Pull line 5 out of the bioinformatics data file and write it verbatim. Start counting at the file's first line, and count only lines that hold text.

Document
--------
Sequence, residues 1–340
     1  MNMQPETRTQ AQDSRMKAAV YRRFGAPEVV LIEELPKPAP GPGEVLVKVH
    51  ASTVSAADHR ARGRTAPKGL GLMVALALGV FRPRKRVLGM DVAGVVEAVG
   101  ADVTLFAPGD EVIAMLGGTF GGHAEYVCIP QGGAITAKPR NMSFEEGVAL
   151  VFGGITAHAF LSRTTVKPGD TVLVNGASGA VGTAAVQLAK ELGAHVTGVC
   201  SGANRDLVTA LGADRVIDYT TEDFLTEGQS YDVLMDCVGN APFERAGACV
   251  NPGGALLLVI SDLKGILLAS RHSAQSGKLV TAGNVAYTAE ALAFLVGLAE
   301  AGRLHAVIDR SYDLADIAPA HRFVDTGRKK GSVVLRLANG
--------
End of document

   151  VFGGITAHAF LSRTTVKPGD TVLVNGASGA VGTAAVQLAK ELGAHVTGVC